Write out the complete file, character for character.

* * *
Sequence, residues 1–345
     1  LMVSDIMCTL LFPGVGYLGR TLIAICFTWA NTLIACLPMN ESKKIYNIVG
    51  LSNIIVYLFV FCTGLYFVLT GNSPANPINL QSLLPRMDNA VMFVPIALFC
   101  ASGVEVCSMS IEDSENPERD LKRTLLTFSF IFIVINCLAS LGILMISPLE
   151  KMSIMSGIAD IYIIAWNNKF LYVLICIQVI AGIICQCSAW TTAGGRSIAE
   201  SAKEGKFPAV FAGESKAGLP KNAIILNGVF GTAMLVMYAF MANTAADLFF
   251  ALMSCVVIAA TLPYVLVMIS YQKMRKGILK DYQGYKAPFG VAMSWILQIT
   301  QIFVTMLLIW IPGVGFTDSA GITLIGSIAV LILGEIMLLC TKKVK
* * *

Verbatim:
Sequence, residues 1–345
     1  LMVSDIMCTL LFPGVGYLGR TLIAICFTWA NTLIACLPMN ESKKIYNIVG
    51  LSNIIVYLFV FCTGLYFVLT GNSPANPINL QSLLPRMDNA VMFVPIALFC
   101  ASGVEVCSMS IEDSENPERD LKRTLLTFSF IFIVINCLAS LGILMISPLE
   151  KMSIMSGIAD IYIIAWNNKF LYVLICIQVI AGIICQCSAW TTAGGRSIAE
   201  SAKEGKFPAV FAGESKAGLP KNAIILNGVF GTAMLVMYAF MANTAADLFF
   251  ALMSCVVIAA TLPYVLVMIS YQKMRKGILK DYQGYKAPFG VAMSWILQIT
   301  QIFVTMLLIW IPGVGFTDSA GITLIGSIAV LILGEIMLLC TKKVK